This book is a work of fiction; its contents are wholly imagined.

All rights reserved. Aside from brief quotations for media coverage and reviews, no part of this book may be reproduced or distributed in any form without the author’s permission. Thank you for supporting authors and a diverse, creative culture by purchasing this book and complying with copyright laws.

Copyright © 2016 by Gilbert Parker

Interior design by Pronoun

Distribution by Pronoun

TABLE OF CONTENTS

A ROMANY OF THE SNOWS

LITTLE BABICHE AT POINT O’ BUGLES THE SPOIL OF THE PUMA THE TRAIL OF THE SUN DOGS THE PILOT OF BELLE AMOUR: LITTLE BABICHE

AT POINT O’ BUGLES

THE SPOIL OF THE PUMA

THE TRAIL OF THE SUN DOGS

THE PILOT OF BELLE AMOUR

ETEXT EDITOR’S BOOKMARKS:

A Romany of the Snows, vol. 4 : Being a Continuation of the Personal Histories of Pierre and His People and the Last Existing Records of Pretty Pierre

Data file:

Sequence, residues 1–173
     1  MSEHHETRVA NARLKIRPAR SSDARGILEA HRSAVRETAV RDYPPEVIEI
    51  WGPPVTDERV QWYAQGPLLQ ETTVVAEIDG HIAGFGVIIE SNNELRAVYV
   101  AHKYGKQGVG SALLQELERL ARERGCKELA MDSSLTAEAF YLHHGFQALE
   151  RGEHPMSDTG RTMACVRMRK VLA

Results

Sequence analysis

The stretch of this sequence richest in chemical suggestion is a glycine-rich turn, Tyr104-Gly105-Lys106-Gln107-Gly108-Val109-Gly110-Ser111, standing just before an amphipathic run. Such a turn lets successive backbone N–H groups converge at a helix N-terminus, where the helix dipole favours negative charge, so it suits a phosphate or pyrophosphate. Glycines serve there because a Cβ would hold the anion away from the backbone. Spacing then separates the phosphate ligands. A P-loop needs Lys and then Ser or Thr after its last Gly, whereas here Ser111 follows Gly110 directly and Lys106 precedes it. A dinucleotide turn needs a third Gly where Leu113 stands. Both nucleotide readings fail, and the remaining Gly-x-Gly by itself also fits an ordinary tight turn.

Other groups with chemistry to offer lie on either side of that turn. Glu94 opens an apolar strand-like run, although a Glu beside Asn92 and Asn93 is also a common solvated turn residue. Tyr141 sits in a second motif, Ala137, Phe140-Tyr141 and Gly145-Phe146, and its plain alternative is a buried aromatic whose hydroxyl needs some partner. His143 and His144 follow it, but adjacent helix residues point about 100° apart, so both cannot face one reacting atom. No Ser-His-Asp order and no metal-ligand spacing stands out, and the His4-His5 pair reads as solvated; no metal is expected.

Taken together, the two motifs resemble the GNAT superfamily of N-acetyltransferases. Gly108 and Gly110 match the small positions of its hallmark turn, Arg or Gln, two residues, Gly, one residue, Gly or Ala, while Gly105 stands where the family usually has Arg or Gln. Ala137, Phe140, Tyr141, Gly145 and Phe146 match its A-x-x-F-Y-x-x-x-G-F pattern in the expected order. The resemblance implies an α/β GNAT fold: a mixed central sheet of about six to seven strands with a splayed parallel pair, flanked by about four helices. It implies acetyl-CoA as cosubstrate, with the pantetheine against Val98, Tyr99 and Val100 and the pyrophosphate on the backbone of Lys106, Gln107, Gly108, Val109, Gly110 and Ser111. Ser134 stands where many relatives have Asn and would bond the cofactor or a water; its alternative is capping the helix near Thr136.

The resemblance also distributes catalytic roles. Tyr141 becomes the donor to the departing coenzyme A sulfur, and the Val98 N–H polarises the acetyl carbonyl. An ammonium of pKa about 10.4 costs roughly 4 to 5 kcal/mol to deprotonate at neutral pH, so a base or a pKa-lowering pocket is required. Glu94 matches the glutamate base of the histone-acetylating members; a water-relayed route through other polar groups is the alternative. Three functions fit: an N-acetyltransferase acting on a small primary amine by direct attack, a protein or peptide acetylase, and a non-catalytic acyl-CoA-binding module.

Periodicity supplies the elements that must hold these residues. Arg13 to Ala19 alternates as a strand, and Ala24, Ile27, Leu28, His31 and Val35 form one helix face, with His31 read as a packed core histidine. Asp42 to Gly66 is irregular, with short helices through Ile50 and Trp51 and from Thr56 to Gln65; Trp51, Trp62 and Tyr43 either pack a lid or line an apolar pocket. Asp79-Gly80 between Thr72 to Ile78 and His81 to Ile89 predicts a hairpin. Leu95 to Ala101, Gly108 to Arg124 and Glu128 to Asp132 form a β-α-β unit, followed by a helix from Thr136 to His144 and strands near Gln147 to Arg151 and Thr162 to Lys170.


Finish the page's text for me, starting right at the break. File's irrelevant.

By

Gilbert Parker

A Romany of the Snows, vol. 4 : Being a Continuation of the Personal Histories of Pierre and His People and the Last Existing Records of Pretty Pierre

Published by Yurita Press

New York City, NY

First published circa 1932

Copyright © Yurita Press, 2015

All rights reserved

Except in the United States of America, this book is sold subject to the condition that it shall not, by way of trade or otherwise, be lent, re-sold, hired out, or otherwise circulated without the publisher’s prior consent in any form of binding or cover other than that in which it is published and without a similar condition including this condition being imposed on the subsequent purchaser.

About YURITA Press

Yurita Press is a boutique publishing company run by people who are passionate about history’s greatest works. We strive to republish the best books ever written across every conceivable genre and making them easily and cheaply available to readers across the world.

A ROMANY OF THE SNOWS

..................